The acts of hope and courage shown in Algeria and Sudan over the past weeks felt ever so fleetingly like a reprise of 2011’s broad social awakening across the Arab world. But “Arab Spring 2.0,” as it has been called, is a reboot full of bugs that many users may seek to uninstall.
As in Zimbabwe in 2017, these movements of peaceful change have achieved what decades of opposition failed to do: unseat a superannuated and wildly corrupt strongman. Robert Mugabe was 93 when he left his seat in Harare, mired in economic collapse.
In Algeria, Abdelaziz Bouteflika was 82 when he resigned, having barely been seen in public since a 2013 stroke, setting an all-new low bar for a dictator’s interaction with his regime. And Omar al-Bashir, forced out by the military this week at the age of 75, let living standards fall inexorably after three decades of repressing Sudan. He’s also wanted by the International Criminal Court for crimes against humanity, war crimes and genocide.
None had the ability or desire to relate to the young populations rising up to demand their removal.
None had militaries willing to sustain them anymore or, for the most part, use violence on protesters. But the world has evolved, perhaps slipping backwards, since 2011 — more cynical, less ideological in its centers of power.
We witness these changes less enamored with the aspirations for a better life that are keeping many in Algeria and Sudan still out, protesting, as their dictators’ successors measure up for curtains in the palace.
The Arab Spring’s momentum emerged after years of doubt in Western processes, fueled by the disastrous Iraq war. Suddenly, despite how deeply discredited the West and its democracies had found themselves, Tunisians and Egyptians wanted little other than more freedom, and would take risks to get it. The Obama administration somehow saw part of its agenda for change as reflected in this inevitable shaking of the regional carpet, and fomented it. The internet made this desire for change real, new and immediate for anyone who cared to see it.
Today we are older, if not necessarily wiser. In 2011, social media was the catalyst. Yet now, as we admire the image of a Sudanese woman, Alaa Salah, in flowing white tobe and gold moon earrings, standing on a car and addressing the crowd, she is surrounded by a sea of smartphone screens capturing her bravery. That is the norm, an accepted part of life. Videos of brutality or defiance aren’t so much cause for viewers to pause in horror or awe of their contents anymore, but instead tend to incite Twitter spats about their authenticity.
But the most significant change in the past eight years is in the White House and Brussels. Places that once stood tall, demanding that outdated and unjust dictators heed the will of the streets, are too absorbed by their own rifts now to forcefully articulate convictions.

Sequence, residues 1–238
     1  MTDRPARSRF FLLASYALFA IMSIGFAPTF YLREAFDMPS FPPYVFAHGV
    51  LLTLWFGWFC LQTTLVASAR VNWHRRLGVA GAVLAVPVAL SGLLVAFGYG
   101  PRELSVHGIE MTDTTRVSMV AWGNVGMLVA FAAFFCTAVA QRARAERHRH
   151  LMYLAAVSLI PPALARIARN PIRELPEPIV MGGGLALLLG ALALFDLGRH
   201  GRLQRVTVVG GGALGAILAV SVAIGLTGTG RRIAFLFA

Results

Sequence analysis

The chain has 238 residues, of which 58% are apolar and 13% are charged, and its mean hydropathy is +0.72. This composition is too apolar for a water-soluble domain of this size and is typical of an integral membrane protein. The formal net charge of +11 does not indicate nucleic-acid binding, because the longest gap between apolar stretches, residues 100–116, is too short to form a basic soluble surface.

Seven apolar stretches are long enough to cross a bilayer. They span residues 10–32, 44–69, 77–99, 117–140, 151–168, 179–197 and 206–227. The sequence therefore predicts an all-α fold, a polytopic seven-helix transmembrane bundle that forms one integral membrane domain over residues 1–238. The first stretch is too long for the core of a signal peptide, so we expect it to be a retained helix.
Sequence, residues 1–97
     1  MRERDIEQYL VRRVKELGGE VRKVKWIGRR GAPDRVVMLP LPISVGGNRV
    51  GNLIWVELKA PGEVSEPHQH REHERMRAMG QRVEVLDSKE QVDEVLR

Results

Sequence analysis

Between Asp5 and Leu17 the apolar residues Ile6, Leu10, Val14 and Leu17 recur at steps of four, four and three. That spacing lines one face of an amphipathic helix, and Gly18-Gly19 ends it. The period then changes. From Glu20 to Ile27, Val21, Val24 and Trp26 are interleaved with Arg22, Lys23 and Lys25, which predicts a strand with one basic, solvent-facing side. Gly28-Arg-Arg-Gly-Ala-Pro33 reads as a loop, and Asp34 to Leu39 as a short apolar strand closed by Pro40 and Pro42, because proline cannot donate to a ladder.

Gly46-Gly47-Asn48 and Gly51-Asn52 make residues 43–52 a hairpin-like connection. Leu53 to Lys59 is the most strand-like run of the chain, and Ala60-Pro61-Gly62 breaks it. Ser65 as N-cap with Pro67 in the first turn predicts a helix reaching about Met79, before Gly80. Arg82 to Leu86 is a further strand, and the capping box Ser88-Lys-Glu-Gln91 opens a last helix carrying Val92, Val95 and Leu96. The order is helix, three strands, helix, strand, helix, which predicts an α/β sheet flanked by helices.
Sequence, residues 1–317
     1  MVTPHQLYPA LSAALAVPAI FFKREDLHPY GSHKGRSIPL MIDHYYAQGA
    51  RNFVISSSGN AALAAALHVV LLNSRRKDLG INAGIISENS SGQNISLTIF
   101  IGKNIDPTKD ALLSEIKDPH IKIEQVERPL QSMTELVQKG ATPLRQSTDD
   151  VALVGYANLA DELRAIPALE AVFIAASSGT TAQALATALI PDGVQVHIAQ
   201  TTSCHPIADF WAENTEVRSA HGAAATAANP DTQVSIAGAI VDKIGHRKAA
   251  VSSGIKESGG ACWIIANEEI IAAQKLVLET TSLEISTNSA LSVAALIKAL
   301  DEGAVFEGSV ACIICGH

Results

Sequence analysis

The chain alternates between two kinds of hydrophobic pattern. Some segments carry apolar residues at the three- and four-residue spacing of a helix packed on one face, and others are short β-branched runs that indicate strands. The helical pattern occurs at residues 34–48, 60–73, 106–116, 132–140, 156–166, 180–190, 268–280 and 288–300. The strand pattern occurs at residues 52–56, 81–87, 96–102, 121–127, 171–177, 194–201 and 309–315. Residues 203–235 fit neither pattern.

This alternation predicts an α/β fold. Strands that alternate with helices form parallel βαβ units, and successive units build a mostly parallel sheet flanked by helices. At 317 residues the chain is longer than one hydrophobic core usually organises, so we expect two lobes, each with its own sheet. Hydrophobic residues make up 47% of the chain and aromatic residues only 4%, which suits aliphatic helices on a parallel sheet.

The US State Department’s Deputy Spokesman Robert Palladino has said meekly that the “Sudanese people should determine who leads them” and should have quicker elections than those currently planned — hardly a strident and supportive speech from the Rose Garden.
Similar noises have been made about Algeria, despite the interim president Abdelkader Bensalah — who has pledged elections in three months — hailing from the same “pouvoir,” or social elite, that enabled Bouteflika for two decades. Tear gas and further demonstrations will follow, even if the European Union has too much on its internal plate to speak up louder than the usual call for free and fair elections.
Those eight years have given us reasons to see strongmen successors as the lesser of some evils and, you could argue, mean that Western leaders are more silent due to experience.
The turmoil of Libya, unable to find peace or coherent government since 2011, has spawned a human trafficking nightmare for exploited migrants on their way to Europe, along with an ISIS affiliate.
The Syrian people’s hasty bid to replicate Tunisia’s peaceful change led to al Qaeda and ISIS taking partial hold, hundreds of thousands dead, the use of sarin gas on babies, Russia’s brute force emerging as a new totem in the Middle East, and the dark reassurance of Bashar al-Assad that his father’s savage ways will win out.
Egypt went full circle, veering wildly off towards Islamist leadership after the fall of Hosni Mubarak, and then after an unspeakably brutal military crackdown, back into a dictatorship likely worse than that which brought Egyptians out in Tahrir Square in 2011.
But the vectors that led us to change in 2011 and 2019 are the same. People are younger, poorer, less equal and slowly hotter, hungrier and thirstier before. These are problems that exacerbate each other, and while strongmen always stand in the way of progress, rare is the successor who offers a new path forward.